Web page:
Kirkus Reviews

“Marian Keyes has a talent for writing about ordinary things happening to ordinary people. But in Watermelon, the skill with which she weaves this tangled web is extraordinary.”

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Chapter One

I'm sorry, you must think I'm very rude. We've hardly even been introduced and here I am telling you all about the awful things that have happened to me.

Let me just give you the briefest outline of myself and I'll save details like, for example, my first day at school until later, if we have the time.

Let's see, what should I tell you? Well, my name is Claire and I'm twenty-nine and, as I mentioned, I've just had my first child two days ago (a little girl, seven pounds, four ounces, totally beautiful) and my husband (did I mention his name is James?) told me about twenty-four hours ago that he has been having an affair for the past six months, with -- and get this -- not even his secretary or someone glamorous from work, but with a married woman who lives in the apartment two floors below us. I mean, how suburban can you get! And not only is he having an affair but he wants a divorce.

I'm sorry if I'm being unnecessarily flippant about this. I'm all over the place. In a moment I'll be crying again. I'm still in shock, I suppose. Her name is Denise and I know her quite well.

Not quite as well as James does, obviously.

The awful thing is she always seemed to be really nice.

She's thirty-five (don't ask me how I know this, I just do; and at the risk of sounding very sour grapes and losing your sympathy, she does look thirty-five) and she has two children and a nice husband (quite apart from my one, that is). And apparently she's moved out of her apartment and he's moved out of his (or ours, should I say) and they've both moved into a new one in a secret location.

Can you believe it? How dramatic can you get?I know her husband is Italian, but I really don't think he's likely to kill the pair of them. He's a waiter, not a Mafia stooge, so what's he going to do? Black pepper them to death? Compliment them into a coma? Run them over with the dessert trolley?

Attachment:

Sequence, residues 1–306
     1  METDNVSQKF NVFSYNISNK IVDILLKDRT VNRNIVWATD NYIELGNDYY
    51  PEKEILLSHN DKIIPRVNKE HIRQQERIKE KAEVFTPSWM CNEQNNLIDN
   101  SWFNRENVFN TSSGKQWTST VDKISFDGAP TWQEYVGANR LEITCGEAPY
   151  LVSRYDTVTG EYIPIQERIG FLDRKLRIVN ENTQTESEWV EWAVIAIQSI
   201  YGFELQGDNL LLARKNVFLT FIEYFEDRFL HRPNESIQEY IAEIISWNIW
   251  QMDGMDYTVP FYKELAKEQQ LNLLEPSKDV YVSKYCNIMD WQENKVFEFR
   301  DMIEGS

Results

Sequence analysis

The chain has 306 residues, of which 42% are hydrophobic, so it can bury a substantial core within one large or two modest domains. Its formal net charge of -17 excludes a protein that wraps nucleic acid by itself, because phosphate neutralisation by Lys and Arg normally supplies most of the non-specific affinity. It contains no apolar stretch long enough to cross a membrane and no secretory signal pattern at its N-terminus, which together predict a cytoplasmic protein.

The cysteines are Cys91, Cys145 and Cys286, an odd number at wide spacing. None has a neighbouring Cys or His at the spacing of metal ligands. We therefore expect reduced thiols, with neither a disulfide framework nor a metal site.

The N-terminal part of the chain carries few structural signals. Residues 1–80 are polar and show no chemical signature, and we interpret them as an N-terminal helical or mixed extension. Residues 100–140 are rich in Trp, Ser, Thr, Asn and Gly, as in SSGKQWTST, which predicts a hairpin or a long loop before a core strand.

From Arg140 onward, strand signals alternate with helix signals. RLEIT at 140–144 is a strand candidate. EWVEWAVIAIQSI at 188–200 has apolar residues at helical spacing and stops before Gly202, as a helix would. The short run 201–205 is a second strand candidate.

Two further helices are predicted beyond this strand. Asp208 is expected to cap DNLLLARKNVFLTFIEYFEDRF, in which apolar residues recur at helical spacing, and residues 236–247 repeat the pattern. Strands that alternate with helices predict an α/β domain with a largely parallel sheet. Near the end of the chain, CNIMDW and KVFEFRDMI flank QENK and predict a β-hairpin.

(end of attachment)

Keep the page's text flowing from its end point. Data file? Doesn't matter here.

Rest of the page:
But again, I seem flippant.

I'm not.

I'm heartbroken.

And it's all such a disaster. I don't even know what to call my little girl. James and I had discussed some names -- or, in retrospect, I had discussed them and he had pretended to listen -- but we hadn't decided on anything definite. And I seem to have lost the ability to make decisions on my own. Pathetic, I know, but that's marriage for you. Bang goes your sense of personal autonomy!

I wasn't always like this. Once I was strong-willed and independent. But that all seems like a long, long time ago.

I've been with James for five years, and we've been married for three years. And, my God, but I love that man.

Although we had a less than auspicious start, the magic took hold of us very quickly. We both agree that we fell in love about fifteen minutes after we met and we stayed that way.

Or at least I did.

For a long time I never thought I'd meet a man who wanted to marry me.

Well, perhaps I should qualify that.

I never thought I'd meet a nice man who wanted to marry me. Plenty of lunatics, undoubtedly. But a nice man, a bit older than me, with a decent job, good-looking, funny, kind. You know-one who didn't look at me askance when I mentioned The Partridge Family, not one who apologized for not being able to get me a birthday present because his estranged wife had taken all his salary under a court maintenance order, not one who made me feel old-fashioned and inhibited because I got angry when he said that he'd screwed his ex-girlfriend the night after he screwed me ("My God, you convent girls are so uptight"), not one who made me feel inadequate because I couldn't tell the difference between Piat d'Or and Zinfandel (whatever that is!).

James didn't treat me in any of these unpleasant ways. It seemed almost too good to be true. He liked me. He liked almost everything about me.

When we first met we were both living in London. I was waitress (more of that later) and he was an accountant.

Of all the Tex-Mex joints in all the towns in all the world, he had to walk into mine. I wasn't a real waitress, you understand, I had a degree in English, but I went through my rebellious stage rather later than most, at about twenty-three. Which is when I thought it might be a bit of a laugh to give up my permanent, wellish-paid job in Dublin and go off to the Godless city of London and live like an irresponsible student.

Which is something I should have done when I was an irresponsible student. But I was too busy getting work experience during my summer holidays then, so my irresponsibility just had to wait until I was good and ready for it.

Like I always say, there's a time and a place for spontaneity.

Anyway, I had managed to land myself a job as a waitress in this highly trendy London restaurant, all loud music and video screens and minor celebrities.